The above examples are very simple in terms of the numbers and structure of the business but the underlying principle of transfer pricing remains the same.

Methods of Transfer Pricing

So now we have established what transfer pricing is and the benefits to be made by accruing profits in countries with lower tax rates (within the scope of the law). Let’s take a look at the different methods on how the Transfer Price itself can be calculated.

Cost Plus Price Model

One of the most simplest and common approaches (especially with high volume producing businesses) to be employed is the cost plus price model. This is where the group agrees that the selling business unit will add a fixed percentage to their costs as a base for the transfer price.

Cost Plus Price Model

  • The agreement is for Division A to adopt a fixed cost plus price model of 20% for their transfer price to Division B.
  • Which is fine at the current levels of costs, as both divisions and the group overall are making profits.
  • However, the manager of Division A has realised he can increase the profits of his division by increasing costs – BUT TO THE DETRIMENT OF THE GROUP AS A WHOLE!

CIMA Transfer Pricing

  • Here we can clearly see the dysfunctional behaviour that can be encouraged by using a cost plus price transfer pricing system.
  • Division A manager is happier as he made double the profit by doubling his costs but Division B has made a big loss on this and lead to an overall loss at group level.

In fact, if any divisions are set to lose money on a deal then they will more than likely refuse to do so, even at the expense of the company. Of course, decisions can be made at a group level which enforces the trade between divisions at any cost but it would be demotivating for the buying manager as they lose autonomy.

Minimum Vs Maximum Transfer Price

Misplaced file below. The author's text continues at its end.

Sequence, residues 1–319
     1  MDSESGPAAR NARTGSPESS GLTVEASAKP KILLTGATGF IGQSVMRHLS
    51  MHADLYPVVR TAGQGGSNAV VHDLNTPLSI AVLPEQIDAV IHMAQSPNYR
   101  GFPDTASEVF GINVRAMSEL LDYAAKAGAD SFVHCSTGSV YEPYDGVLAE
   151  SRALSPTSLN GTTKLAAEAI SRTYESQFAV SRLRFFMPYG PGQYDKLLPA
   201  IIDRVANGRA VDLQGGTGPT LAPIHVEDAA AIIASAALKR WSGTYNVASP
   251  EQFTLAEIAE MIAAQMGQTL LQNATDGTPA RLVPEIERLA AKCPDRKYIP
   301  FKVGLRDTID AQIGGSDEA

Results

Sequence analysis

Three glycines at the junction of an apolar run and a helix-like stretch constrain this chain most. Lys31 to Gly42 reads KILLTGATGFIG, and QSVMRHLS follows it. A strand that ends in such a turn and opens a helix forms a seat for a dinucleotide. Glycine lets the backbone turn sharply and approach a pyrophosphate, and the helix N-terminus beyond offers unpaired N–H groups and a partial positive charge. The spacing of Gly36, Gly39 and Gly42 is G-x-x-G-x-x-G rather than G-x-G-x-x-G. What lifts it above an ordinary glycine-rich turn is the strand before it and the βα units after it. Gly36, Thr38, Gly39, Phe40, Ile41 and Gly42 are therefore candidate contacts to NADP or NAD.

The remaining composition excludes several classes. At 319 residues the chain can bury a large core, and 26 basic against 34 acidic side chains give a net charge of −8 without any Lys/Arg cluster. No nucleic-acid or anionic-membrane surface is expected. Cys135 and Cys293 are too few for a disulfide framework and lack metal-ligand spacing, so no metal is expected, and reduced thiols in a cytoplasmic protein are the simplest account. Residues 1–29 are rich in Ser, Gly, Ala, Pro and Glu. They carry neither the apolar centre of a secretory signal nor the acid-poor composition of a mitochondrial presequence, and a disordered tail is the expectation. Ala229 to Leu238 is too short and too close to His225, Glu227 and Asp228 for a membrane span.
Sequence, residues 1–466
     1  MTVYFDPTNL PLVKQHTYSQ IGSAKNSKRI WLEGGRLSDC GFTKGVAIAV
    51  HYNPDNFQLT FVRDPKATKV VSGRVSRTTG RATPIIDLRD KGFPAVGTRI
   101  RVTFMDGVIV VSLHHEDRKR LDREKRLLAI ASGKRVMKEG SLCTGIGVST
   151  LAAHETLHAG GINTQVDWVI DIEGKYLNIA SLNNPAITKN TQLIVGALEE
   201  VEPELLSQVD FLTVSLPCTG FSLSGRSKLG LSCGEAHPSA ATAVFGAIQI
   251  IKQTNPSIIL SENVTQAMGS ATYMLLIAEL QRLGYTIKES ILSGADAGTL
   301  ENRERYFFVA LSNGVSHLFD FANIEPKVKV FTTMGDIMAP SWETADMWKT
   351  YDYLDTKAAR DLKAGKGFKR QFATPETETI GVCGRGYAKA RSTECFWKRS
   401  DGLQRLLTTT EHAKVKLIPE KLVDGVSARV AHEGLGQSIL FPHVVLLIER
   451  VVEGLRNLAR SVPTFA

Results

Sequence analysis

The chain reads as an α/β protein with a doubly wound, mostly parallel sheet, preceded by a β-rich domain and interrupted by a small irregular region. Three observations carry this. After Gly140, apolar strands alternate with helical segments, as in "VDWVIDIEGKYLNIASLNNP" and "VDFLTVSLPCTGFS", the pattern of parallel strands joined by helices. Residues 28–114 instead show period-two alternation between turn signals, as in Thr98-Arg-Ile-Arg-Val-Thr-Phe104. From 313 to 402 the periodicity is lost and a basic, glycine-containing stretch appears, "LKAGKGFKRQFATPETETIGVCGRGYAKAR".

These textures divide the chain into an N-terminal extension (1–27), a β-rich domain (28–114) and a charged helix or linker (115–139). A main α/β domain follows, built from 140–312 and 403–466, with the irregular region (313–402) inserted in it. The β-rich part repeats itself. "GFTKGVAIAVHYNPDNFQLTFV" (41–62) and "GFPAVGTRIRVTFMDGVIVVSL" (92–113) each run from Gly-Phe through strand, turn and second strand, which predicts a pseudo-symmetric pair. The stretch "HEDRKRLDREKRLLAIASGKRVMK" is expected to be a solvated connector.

A more common sense and goal congruent approach is to ensure that firstly the group can make a profit overall, then deciding on the minimum transfer price that can accepted by the selling division and the maximum transfer price that can be accepted by the buying division and them agree on the price somewhere in the middle of the that range.

In the below example I’ve also thrown in the possibility that Division A can also sell the goods directly to an external party.

Determining Transfer Pricing

  • The selling division (A) determines the minimum price of 200 – as they can sell it externally for this price, so the transfer price must at least match this.
  • The buying division (B) has costs of 100 and selling price of 350, so the maximum they could pay would be 250 as a transfer price.
  • This gives the group a transfer price somewhere between 200 and 250 to be goal congruent and suit all divisions involved.

Finally, you can see the transfer price of 200 has been agreed and both divisions make an equal share of the 100 profit made by the group.

CIMA P2: Learning Curves

It’s taken a while for me to get back on track with my CIMA P2 studies but here I am with an article on Learning Curves which is a feature of the CIMA P2 syllabus.

CIMA P2 Exam Tips

The Learning Curve

The learning curve relates to the observed tendency that workers become adept at a task, the more often they perform it. Hence the task will take less and less time the more often it is performed.

This is quite a simplistic way to look at the learning curve but there are many factors to consider when applying the learning curve and ultimately, understanding when and how to use it.

The official CIMA terminology for the learning curve can be found below:

Learning curve is the mathematical expression of the commonly observed effect that, as complex and labour-intensive procedures are repeated, unit labour times tend to decrease. The equation usually relates the average time taken per unit/batch to the cumulative number of units/batches produced.